Lynas website hacked as thousands protest

Lynas Corporation continues to struggle with its rare earths plans after its website was hacked and thousands joined fresh demonstrations in Malaysia on the weekend.

Normal
0

false
false
false

MicrosoftInternetExplorer4

st1:*{behavior:url(#ieooui) }

/* Style Definitions */
table.MsoNormalTable
{mso-style-name:”Table Normal”;
mso-tstyle-rowband-size:0;
mso-tstyle-colband-size:0;
mso-style-noshow:yes;
mso-style-parent:””;
mso-padding-alt:0in 5.4pt 0in 5.4pt;
mso-para-margin:0in;
mso-para-margin-bottom:.0001pt;
mso-pagination:widow-orphan;
font-size:10.0pt;
font-family:”Times New Roman”;
mso-ansi-language:#0400;
mso-fareast-language:#0400;
mso-bidi-language:#0400;}

Lynas Corporation continues to struggle with its rare earths plans after its website was hacked and thousands joined fresh demonstrations in Malaysia on the weekend.

According to The Australian reports of protestor numbers varied from 5,000 to the 20,000 reported by Save Malaysia Stop Lynas.

In a statement over the weekend SMSL said the campaign against the company had "escalated into the biggest ever environmental issue" for Malaysia.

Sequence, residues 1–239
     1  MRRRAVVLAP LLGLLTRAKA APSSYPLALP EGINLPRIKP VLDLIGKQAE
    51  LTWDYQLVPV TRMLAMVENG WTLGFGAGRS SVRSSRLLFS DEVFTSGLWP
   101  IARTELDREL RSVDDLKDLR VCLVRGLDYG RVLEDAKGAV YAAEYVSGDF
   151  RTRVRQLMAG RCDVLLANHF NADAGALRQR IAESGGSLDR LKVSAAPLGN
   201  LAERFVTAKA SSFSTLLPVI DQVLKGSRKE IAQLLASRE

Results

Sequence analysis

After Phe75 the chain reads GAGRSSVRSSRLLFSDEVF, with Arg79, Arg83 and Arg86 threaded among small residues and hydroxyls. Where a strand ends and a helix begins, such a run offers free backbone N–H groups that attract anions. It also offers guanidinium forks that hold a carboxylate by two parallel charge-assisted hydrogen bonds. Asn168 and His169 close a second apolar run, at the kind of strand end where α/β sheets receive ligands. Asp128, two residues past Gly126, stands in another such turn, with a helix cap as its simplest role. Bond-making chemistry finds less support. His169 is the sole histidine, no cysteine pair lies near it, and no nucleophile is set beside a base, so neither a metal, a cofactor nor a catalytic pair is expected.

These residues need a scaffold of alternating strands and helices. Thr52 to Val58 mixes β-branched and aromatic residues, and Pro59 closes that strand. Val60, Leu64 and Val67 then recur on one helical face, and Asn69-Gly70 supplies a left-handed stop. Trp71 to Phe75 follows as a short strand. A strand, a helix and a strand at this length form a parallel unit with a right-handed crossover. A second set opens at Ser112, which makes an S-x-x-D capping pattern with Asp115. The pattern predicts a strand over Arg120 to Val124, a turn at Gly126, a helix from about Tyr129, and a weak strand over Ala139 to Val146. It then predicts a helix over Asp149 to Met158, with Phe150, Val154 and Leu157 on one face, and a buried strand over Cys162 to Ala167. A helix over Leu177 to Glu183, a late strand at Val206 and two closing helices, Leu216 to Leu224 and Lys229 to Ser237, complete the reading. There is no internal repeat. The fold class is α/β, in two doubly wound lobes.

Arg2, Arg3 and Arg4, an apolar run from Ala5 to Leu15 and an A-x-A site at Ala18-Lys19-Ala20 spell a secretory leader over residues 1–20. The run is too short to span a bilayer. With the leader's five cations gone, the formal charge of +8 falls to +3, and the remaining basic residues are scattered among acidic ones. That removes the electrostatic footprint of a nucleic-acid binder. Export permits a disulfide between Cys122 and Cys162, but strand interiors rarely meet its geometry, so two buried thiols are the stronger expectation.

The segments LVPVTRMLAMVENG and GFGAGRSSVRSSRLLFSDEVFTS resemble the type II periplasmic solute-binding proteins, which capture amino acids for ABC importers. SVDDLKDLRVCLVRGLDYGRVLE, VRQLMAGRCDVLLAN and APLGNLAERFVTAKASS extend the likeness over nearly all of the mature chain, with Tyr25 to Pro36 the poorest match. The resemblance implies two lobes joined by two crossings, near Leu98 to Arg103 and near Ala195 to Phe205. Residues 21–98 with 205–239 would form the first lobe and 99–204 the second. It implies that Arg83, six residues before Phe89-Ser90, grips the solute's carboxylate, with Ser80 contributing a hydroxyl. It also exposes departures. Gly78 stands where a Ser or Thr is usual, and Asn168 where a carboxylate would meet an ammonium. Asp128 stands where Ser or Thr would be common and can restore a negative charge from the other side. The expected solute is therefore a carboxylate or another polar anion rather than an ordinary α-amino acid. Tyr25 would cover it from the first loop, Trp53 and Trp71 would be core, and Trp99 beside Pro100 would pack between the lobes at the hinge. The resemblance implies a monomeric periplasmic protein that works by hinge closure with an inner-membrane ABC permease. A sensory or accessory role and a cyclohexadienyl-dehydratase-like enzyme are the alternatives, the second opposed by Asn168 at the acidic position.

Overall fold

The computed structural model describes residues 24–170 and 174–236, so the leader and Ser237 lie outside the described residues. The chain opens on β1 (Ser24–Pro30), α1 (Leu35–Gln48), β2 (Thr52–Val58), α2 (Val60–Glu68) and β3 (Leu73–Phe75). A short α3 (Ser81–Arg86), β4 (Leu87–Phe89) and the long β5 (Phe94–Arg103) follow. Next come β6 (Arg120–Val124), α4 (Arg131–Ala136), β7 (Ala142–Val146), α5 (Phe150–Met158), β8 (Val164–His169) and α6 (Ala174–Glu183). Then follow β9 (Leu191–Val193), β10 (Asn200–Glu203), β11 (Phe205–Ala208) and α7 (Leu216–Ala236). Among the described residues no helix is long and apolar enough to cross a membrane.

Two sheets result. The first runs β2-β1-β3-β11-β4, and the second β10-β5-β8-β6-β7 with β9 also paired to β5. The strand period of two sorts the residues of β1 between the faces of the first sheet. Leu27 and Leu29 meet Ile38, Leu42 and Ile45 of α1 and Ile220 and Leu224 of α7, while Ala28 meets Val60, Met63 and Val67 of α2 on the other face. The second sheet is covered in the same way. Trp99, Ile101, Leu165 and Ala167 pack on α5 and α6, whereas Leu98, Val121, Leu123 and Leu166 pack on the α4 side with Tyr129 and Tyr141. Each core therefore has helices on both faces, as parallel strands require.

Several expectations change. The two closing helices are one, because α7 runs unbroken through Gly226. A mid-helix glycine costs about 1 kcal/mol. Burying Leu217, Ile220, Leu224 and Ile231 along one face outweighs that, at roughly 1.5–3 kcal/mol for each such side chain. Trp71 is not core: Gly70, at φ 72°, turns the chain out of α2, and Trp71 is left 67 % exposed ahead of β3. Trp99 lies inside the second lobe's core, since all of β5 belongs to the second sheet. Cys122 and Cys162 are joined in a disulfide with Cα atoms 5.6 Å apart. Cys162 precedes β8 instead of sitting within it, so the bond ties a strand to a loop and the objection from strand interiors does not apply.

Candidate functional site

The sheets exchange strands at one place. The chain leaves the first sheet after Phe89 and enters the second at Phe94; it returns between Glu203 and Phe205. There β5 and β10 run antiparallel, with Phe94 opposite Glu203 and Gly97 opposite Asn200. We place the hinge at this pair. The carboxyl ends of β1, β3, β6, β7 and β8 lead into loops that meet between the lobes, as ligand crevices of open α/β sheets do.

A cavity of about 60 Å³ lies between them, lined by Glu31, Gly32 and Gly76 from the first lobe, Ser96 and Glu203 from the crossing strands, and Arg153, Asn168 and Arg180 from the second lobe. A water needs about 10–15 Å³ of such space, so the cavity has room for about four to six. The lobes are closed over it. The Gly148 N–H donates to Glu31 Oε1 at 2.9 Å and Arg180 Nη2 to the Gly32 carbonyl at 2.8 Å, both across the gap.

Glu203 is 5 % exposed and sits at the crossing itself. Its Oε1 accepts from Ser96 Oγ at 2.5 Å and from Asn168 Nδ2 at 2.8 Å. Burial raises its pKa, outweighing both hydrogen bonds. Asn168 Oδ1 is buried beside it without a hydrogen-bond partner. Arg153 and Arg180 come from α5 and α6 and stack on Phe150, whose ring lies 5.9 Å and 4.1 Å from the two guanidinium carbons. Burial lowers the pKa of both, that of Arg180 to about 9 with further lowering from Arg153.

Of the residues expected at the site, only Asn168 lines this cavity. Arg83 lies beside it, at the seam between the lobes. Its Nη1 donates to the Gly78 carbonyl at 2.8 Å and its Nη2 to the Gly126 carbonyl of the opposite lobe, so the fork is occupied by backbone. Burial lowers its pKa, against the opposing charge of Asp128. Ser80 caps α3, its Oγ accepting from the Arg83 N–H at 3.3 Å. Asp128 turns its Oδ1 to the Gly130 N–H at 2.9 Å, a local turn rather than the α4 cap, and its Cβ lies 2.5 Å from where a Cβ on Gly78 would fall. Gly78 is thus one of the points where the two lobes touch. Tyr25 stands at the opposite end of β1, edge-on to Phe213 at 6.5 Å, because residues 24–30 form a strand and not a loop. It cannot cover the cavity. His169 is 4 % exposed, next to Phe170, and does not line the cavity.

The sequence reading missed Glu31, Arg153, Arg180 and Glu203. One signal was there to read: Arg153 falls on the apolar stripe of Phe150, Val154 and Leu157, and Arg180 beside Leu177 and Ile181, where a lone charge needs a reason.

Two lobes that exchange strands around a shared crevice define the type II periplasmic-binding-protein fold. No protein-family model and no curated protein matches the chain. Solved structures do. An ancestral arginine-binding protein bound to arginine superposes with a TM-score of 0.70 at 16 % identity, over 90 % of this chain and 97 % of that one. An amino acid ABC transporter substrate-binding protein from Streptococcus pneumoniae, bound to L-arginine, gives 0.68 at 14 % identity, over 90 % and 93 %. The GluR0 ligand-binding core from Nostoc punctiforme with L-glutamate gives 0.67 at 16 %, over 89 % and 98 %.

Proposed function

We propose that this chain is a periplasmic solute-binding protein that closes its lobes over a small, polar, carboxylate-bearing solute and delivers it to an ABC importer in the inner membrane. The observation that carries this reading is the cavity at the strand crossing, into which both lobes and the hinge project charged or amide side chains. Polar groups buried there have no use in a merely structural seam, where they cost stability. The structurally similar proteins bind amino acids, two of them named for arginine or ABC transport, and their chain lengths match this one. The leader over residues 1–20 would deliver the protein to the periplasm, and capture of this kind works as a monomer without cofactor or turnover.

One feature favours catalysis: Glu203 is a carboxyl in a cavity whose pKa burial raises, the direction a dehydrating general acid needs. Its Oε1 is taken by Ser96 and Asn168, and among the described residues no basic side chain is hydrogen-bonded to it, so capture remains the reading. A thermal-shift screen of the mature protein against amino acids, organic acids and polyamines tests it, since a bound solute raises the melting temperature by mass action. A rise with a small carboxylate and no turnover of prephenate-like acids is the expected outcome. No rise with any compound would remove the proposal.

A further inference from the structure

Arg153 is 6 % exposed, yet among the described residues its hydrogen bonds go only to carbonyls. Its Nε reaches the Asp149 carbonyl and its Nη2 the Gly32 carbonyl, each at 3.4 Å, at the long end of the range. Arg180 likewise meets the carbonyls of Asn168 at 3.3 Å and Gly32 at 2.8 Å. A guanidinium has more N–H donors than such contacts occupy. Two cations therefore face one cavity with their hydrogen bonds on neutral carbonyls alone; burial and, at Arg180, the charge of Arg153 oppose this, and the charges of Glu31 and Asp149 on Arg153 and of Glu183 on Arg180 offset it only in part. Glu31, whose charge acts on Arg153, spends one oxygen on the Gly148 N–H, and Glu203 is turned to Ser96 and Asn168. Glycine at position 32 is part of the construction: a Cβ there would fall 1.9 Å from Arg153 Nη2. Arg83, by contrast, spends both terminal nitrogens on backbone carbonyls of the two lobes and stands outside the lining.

“Today marks the beginning of a nation-wide campaign to stop the Lynas rare earth project," said Mr Wong Tack, a key organiser of the protest. 

"Malaysians have made our stand and we do not want this hazardous project on our shore.”

According to The Sydney Morning Herald a hacker using the name "4z1" has also taken credit for taking down the Lynas website.

This morning (Eastern Standard Time) the company site remains offline.

"We are currently experiencing some technical difficulties at the moment," it says.

"We apologise for any inconvenience caused."

Protestors have also launched legal action against the company in an attempt to overturn a temporary operating licence it was granted by the Malaysian Government.

Lynas previously said there was no basis to the legal claims and it would "vigorously protect its interests" in court.

Protestors fear the Lynas Advanced Materials Plant in Malaysia, used to process rare earths from its Mt Weld mine in Western Australia, is a threat to the environment and their health.

Lynas has repeatedly assured the community the plant is safe, and says it has complied with strict Government and international regulation.

While the Lynas woes continue United States-based rare earths competitor Molycorp this week announced the start-up of its rare earth manufacturing facility.

To keep up to date with Australian Mining, subscribe to our free email newsletters delivered straight to your inbox. Click here.